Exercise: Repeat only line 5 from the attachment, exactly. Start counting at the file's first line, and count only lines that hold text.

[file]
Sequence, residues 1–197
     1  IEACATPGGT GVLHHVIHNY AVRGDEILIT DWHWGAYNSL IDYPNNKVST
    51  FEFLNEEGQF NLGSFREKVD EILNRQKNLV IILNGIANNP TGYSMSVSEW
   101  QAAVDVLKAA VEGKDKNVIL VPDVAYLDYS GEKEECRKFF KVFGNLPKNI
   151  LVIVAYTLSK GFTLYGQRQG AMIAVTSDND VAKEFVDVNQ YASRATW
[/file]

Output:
   151  LVIVAYTLSK GFTLYGQRQG AMIAVTSDND VAKEFVDVNQ YASRATW